Data was analyzed using the SPSS statistical package. Repeated measures ANOVA was applied to see the difference in the two groups as well as the effect of time in each. The physical characteristics of the two groups were assessed using the unpaired t- test. Groups were compared separately for nausea and vomiting after surgery. Pearson's chi-square test was used to investigate the association between nausea and vomiting in control group and placebo group. P<0.05 was considered statistically significant.
Twenty-five patients were included in each group, the control group (group I) and placebo group (group II) undergoing laparoscopic cholecystectomy. There was no statistically significant difference with respect to age, sex, weight and duration of surgery between the two groups (Table 1).
The incidence of postoperative nausea was recorded hourly for six hours (Table 2). The incidence of nausea immediately after surgery was 32% and 12%, in first hour 12% and 8%, in second hour 0% and 4%, in third hour 4% and 0%, in fourth hour 0% and 4% in control group and placebo group respectively, which is statistically insignificant when both groups are compared. Similarly, in fifth and sixth hour, none of the patient had nausea in either group.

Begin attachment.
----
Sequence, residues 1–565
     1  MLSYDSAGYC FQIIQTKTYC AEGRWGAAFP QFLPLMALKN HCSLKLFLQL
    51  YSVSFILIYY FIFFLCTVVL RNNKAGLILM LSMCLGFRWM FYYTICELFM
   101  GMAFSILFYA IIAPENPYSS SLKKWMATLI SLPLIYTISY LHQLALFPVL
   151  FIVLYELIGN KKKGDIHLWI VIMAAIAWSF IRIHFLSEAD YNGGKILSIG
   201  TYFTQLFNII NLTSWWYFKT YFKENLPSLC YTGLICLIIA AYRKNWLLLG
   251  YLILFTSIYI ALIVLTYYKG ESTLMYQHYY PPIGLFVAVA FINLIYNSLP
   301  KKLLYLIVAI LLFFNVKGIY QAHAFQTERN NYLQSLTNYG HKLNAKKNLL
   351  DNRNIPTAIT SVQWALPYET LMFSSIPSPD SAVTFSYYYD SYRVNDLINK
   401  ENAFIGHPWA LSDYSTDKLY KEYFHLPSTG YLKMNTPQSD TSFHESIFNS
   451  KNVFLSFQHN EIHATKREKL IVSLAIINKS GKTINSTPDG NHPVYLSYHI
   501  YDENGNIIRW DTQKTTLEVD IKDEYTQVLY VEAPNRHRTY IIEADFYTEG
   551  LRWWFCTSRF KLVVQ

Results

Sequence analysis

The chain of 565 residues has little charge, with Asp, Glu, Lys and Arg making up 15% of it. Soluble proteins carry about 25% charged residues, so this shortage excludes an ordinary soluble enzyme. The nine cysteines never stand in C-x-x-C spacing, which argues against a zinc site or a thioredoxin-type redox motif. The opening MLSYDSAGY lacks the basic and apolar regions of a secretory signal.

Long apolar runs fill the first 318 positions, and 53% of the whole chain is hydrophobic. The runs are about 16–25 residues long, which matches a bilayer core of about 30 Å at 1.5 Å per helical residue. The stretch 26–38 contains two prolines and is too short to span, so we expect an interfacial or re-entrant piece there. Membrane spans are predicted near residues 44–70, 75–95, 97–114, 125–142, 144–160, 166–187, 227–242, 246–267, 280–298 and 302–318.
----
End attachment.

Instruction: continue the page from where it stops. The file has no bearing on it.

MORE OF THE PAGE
The incidence of postoperative vomiting was recorded hourly from immediate to six hours (Table 3). The incidence of vomiting was 32% and 20% immediately after surgery, 16% and 16% in first hour, 4% and 8% in second hour, 8% and 4% in third hour, 0% and 4% in fourth hour in control group and placebo group respectively, which is statistically insignificant when both groups are compared. Similarly, in fifth and sixth hour, none of the patient had vomiting in either group.
The overall incidence of nausea and/or vomiting was 36% in control (Acupressure) group and 40% in placebo group in laparoscopic cholecystectomy (Table 3). All patients received an antiemetic who complained of nausea and/or had vomiting immediately after first episode in either group (Table 3).
Laparoscopic cholecystectomy was first described in the literature by Perissat et al.9 Laparoscopic cholecystectomy combines the benefit of completely removing the gall bladder with the advantages of shorter hospital stay, more rapid return to normal activities, less pain associated with the small incisions and less postoperative ileus as compared the traditional open cholecystectomy.4 It has become an accepted procedure for symptomatic cholelithiasis. However, in current surgical practice high incidences of postoperative nausea and vomiting upto 53%-72% has also been reported10 with the procedure.
The etiology of nausea and vomiting after laparoscopic cholecystectomy is not fully understood. Risk factors such as a long period of carbondioxide insufflation, gall bladder surgery, intraoperative use of inhalation agents, female sex and postoperative use of patient controlled analgesia may contribute to these episodes.